Godzilla meets YouTube in this corking sci-fi thriller from Lost producer JJ Abrams and director Matt Reeves. Cloverfield's brilliantly simple gimmick is to take a traditional monster movie scenario and shoot the carnage from ground up, using a single camcorder carried by one of the protagonists. The action is relentless: we get five minutes of introductions at a going-away party for chiselled yuppie Rob Hawkins (Michael Stahl-David), then something goes boom in Manhattan and it's wall-to-wall peril.
Rob and his friends emerge from their apartment to discover an unnamed leviathan rampaging among the skyscrapers, decapitating the Statue of Liberty and destroying bridges with a mere flick of its scaly tail. Did it come from outer space? From beneath the sea? Is it the product of some ghastly biological weapons experiment? We never find out, because Cloverfield is the monster movie as seen from the point of view of the innocent bystander. It succeeds brilliantly in reconciling its camcorder verite style with the traditional demands of a big blockbuster. So, there are the usual character arcs and an appreciable three act structure, but they're craftily concealed within the chaotic rush of "found" footage.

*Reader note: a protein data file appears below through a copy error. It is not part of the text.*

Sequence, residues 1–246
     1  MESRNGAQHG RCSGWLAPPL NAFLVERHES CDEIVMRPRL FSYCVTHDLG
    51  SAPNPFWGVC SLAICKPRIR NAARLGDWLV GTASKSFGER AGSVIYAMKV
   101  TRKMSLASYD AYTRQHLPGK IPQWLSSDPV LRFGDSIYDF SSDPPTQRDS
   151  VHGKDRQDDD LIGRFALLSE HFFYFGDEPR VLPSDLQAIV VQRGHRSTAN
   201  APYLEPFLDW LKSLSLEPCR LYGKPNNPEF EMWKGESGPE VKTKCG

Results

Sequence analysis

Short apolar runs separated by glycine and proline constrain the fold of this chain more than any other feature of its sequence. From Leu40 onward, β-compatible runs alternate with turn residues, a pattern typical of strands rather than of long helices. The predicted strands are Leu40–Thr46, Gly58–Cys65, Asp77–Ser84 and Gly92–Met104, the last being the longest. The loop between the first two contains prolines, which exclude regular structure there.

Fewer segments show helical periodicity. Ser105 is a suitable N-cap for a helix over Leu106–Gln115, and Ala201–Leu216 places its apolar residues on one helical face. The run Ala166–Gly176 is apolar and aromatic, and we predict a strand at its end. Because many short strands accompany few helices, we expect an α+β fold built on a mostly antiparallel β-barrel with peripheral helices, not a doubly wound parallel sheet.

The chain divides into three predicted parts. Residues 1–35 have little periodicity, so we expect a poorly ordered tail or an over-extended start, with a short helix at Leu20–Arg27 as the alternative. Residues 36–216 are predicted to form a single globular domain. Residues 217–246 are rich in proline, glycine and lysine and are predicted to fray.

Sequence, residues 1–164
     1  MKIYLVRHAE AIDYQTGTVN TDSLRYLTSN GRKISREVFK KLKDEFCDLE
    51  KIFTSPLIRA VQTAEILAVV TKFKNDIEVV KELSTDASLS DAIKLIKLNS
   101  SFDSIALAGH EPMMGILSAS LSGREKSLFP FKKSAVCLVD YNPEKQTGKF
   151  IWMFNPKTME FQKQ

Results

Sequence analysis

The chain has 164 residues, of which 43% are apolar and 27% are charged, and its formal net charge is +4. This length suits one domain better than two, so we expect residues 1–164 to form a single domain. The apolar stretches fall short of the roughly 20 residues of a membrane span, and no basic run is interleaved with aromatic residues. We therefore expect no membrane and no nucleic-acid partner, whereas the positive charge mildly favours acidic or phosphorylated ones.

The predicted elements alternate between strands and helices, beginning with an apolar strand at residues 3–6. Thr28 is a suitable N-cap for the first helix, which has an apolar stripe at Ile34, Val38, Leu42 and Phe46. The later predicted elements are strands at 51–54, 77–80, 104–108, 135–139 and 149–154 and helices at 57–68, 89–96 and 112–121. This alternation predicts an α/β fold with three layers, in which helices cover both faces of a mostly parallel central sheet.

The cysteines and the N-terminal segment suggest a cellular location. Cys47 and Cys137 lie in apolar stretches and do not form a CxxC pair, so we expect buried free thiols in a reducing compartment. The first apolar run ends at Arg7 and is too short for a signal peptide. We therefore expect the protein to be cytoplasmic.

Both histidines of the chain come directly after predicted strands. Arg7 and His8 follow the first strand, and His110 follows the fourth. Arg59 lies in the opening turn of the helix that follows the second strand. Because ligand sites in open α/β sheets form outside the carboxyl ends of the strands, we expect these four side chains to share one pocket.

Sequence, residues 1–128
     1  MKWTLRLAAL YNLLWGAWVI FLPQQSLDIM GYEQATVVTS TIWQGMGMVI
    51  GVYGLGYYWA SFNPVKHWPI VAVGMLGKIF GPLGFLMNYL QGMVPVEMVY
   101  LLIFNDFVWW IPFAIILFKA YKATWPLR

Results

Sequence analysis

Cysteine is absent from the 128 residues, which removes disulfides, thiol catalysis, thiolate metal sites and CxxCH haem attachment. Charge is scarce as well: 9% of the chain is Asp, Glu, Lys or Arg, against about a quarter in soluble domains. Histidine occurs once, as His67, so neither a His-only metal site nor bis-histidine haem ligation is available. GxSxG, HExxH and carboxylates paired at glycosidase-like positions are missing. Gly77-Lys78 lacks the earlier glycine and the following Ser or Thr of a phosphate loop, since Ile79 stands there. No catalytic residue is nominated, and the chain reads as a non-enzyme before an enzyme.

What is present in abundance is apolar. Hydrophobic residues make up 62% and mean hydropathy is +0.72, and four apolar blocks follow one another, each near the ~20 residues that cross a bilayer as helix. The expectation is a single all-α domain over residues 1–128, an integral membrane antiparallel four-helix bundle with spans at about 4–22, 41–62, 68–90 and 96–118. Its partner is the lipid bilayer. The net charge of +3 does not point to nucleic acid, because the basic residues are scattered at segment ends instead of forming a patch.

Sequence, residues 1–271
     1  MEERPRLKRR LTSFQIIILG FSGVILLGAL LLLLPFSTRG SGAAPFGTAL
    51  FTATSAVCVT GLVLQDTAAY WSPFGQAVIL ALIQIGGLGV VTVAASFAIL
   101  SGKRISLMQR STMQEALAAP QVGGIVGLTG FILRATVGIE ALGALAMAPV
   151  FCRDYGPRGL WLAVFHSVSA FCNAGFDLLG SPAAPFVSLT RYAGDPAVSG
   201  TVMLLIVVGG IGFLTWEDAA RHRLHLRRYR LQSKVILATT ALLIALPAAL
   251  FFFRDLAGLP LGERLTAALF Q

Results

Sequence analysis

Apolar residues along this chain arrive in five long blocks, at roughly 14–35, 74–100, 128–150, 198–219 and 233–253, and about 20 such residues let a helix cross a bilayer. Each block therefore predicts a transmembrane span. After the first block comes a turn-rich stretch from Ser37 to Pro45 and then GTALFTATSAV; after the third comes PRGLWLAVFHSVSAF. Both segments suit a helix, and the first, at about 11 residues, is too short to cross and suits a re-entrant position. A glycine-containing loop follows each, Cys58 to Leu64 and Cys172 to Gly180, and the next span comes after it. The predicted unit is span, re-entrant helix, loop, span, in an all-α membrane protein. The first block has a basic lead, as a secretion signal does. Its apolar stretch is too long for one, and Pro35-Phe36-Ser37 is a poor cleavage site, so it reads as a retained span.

"IT'S PROPER SCARY"
This is actually rather comforting, since the scenes of destroyed buildings and panicked crowds have a whiff of authenticity that edges the movie into allegorical territory - it's 9/11 with a big-ass troll-lizard beastie instead of terrorists. That might sound crass, but the film's single-minded focus on the horrors and heroism of survival somehow bypasses any issue of taste. Cloverfield feels like a nightmare dredged up from the 21st century subconscious. It's also an astounding technical achievement: shot in a series of very long, complex takes that never draw attention to themselves, superbly paced, and performed with impressive sincerity by unknown leads. And be warned: it's proper scary.
Cloverfield is out in the UK on 1st February 2008.